Densho Digital Repository
Densho Visual History Collection
Title: Satsuki Ina Interview
Narrator: Satsuki Ina
Interviewer: Tom Ikeda
Location: Emeryville, California
Date: March 14, 2019
Densho ID: ddr-densho-1000-474-7

<Begin Segment 7>

TI: So I'm going to possibly come back to this, but I wanted to actually loop back to kind of finish up with From a Silk Cocoon. And you started off, because I saw the same thing, it starts off as this love story but then talks about this powerful story of resistance and what the government did with that, which, in many ways, you have talked about the aftermath and how it impacted your parents and you. But going back to From a Silk Cocoon, what has been the response to this film? I want to get a sense of how people are reacting to it. Because from my perspective, have watched dozens and dozens of films about Japanese American history, From a Silk Cocoon looks at the Japanese American experience from the camp experience very differently than anything I've seen. And so that's why I was curious how people reacted.

SI: I think that's a common response, is people didn't know, or even if they did know something about the renunciation, they didn't know how it emerged. They had a stereotype about who a renunciant was, which was a disloyal, pro-Japan nationalist, a terrorist, a bully, that kind of picture. And I remember one event in Fresno that was very moving to me. This woman, a Nisei woman, stood up and she said, "I am one of those people that have always said bad things about people who said no and were renunciants, and I was always the one that was very proud to have been in a family where my uncle fought in the 442nd." And she was very tearful, and she said, "And today I want to apologize, because your story really shows a mother and father who loved their children, who were just trying to do the best that they can. And that was like the most gratifying feedback for that film, because I wasn't trying to make a point that renunciants were good people necessarily, I just wanted, in my own effort to try and understand my parents, going through the documents, I never planned to make a documentary film, it just kind of happened. But in the end, I think how people are impacted by the film is just the humanness of it, that they could identify in ways that they never could identify with somebody who renounced, because, "Those were the terrible people that marched around."

TI: The Hoshidan.

SI: Yeah, right. And my father was a member of the as a way to identify himself so that when they, 'cause they were told, "When you go back to Japan, if you don't have other people supporting the fact that you were for Japan, you would get arrested as soon as you arrived." And so the , my father's Issei mentor that lived in the next barrack, coached my parents on what to say when you were interviewed. You know, one of the things that I found in the government documents were the recorded, the hearing that my father had said, the guy asked him, "So are you willing to commit 'hari kari' if Japan loses the war?" and my father answers "yes." And later on, of course, he realizes that this is going to lead to his deportation separate from his family, which was not the whole intention that they started with.

TI: Talk a little bit about, there was an important letter that someone who was doing Japanese translations in the Department of Justice, and he wrote a letter, who was this person? I was curious about him.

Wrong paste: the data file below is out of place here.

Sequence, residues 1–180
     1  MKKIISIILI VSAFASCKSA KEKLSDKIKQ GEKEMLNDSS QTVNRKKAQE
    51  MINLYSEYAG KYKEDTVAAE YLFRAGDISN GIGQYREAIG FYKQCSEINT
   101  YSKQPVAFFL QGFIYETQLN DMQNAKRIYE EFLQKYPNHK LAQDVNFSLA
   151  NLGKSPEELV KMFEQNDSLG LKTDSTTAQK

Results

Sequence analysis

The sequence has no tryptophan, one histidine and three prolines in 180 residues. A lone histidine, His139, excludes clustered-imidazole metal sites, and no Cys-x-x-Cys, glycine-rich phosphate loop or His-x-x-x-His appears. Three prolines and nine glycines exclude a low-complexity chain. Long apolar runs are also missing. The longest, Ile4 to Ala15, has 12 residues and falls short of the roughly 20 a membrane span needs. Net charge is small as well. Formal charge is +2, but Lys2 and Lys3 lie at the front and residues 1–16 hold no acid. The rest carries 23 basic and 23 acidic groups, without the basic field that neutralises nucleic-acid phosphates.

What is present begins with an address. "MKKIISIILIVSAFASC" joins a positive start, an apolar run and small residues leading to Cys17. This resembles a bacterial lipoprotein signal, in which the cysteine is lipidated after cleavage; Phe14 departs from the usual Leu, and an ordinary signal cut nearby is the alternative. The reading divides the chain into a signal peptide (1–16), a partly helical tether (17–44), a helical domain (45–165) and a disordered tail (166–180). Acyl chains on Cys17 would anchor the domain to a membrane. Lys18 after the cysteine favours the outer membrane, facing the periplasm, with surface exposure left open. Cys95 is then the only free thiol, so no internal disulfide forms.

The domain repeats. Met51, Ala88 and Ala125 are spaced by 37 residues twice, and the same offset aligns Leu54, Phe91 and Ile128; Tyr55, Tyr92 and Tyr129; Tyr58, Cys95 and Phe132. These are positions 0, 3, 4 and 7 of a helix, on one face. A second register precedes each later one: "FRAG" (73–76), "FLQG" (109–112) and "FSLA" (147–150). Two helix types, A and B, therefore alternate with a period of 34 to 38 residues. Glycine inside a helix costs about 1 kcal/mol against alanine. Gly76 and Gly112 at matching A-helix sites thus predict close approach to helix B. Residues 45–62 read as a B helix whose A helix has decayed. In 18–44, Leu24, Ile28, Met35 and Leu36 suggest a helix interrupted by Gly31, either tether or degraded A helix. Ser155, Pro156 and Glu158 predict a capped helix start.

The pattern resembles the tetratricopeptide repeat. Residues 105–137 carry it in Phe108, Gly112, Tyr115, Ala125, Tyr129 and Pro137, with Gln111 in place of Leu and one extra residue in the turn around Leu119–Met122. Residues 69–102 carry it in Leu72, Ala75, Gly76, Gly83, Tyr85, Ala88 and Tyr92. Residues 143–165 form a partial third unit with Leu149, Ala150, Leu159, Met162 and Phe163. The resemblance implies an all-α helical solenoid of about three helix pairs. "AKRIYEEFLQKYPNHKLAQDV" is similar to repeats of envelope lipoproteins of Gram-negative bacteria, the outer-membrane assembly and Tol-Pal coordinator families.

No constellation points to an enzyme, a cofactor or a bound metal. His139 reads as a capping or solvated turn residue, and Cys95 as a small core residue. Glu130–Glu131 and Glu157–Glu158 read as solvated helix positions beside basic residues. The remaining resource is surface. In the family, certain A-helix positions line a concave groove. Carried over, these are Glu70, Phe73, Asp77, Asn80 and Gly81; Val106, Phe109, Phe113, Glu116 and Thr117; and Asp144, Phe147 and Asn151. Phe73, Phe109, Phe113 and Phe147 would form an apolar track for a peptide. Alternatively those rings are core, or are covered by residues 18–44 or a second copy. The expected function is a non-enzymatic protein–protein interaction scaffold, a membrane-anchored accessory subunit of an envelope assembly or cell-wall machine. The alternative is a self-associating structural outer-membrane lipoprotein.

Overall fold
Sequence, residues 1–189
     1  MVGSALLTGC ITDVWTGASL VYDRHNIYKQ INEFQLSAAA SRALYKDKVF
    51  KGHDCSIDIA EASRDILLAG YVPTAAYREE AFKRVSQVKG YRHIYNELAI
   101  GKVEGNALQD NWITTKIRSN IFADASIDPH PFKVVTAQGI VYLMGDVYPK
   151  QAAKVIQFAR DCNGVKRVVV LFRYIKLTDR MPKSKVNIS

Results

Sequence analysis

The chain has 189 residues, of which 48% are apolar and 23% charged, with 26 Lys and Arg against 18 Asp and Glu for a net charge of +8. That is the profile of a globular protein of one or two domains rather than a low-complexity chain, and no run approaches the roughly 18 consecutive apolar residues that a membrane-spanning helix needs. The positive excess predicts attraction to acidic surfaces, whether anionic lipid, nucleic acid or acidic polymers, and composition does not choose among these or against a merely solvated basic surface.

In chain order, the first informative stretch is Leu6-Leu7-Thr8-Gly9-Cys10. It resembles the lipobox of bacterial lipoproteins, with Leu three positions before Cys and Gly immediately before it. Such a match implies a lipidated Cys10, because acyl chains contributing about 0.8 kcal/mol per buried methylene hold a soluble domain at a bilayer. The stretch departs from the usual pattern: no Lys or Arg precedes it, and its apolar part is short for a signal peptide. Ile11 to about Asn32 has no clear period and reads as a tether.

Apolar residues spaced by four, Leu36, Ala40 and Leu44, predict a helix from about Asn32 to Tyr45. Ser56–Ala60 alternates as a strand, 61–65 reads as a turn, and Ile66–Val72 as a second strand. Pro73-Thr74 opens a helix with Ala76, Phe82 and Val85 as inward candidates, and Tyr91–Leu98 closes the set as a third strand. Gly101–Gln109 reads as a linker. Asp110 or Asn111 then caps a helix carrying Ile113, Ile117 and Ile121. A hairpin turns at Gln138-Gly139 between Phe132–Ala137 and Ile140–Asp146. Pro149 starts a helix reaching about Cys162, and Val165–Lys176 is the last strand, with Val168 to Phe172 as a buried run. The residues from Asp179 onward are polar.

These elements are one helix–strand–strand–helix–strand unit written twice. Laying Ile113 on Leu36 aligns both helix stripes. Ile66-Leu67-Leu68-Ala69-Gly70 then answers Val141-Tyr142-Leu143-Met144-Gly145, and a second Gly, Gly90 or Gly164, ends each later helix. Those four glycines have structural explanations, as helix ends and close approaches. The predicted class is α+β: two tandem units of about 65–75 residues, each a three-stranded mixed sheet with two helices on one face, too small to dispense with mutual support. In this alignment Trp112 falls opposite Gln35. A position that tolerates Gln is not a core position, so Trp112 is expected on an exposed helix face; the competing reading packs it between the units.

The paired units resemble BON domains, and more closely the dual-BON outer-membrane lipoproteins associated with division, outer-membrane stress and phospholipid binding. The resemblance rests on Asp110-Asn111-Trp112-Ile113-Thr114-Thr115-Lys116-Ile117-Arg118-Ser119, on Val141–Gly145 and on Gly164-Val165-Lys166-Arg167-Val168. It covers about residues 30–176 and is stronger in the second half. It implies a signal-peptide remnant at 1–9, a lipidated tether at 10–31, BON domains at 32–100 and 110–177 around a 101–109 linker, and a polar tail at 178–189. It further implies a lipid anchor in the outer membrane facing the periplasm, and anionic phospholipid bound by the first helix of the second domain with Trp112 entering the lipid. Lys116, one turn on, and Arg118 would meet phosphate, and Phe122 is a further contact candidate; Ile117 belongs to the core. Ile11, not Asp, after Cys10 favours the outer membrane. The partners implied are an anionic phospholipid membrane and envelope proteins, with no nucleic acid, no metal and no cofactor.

SI: Yeah, he was another Kibei man who was a colleague of my father, you know, they were friends. The group of Kibei men kind of hung out together, and particularly members of the Buddhist church, men who were literary, interested in writing and poetry, and they would have these gatherings when some famous Japanese writer was coming to San Francisco and things like that. So he was a friend of my father's. In my parents' exchange, there were all these rumors, and so my mother sends the shocking news to my father saying, "Kimoto-san we've heard is now censoring letters." And then the implication is that he's working for the administration now, he's an inu, a traitor. And my father writes back and says it's hard to know the choices people would make. So when it was desperation time, and it was the risk that my father was now, because he was separated from us, was going to be deported without the family, she starts writing to people. So she writes to...

TI: So it was your mother who wrote to...

SI: Wrote to Kimoto-san and said, "Please help us. Will you write a letter on my father's behalf?" and he agreed. And that's the letter, it's like a cat's hair away from the whole separation happening.

TI: And what was interesting in the film, it was mentioned how he had not done this with, really, anyone else in terms of vouching for someone, a renunciant. Which made it stand out, because he wasn't doing this for every person, saying, "I'm a character reference for this," and that's what really stood out.

SI: Because then, I didn't know it at the time, but then after we resettled in San Francisco, that man's children were my age, we all went to high school together, we hung out, had no idea what that family history was.

TI: Did you observe any communication between your parents and Kimoto-san?

SI: No. I mean, they knew that we were hanging out with the kids. I mean, because they recorded everything, I'm sure they felt this gratitude. They knew that his letter made the difference. I don't remember any communication between them or attitude.

<End Segment 7> - Copyright © 2019 Densho. All Rights Reserved.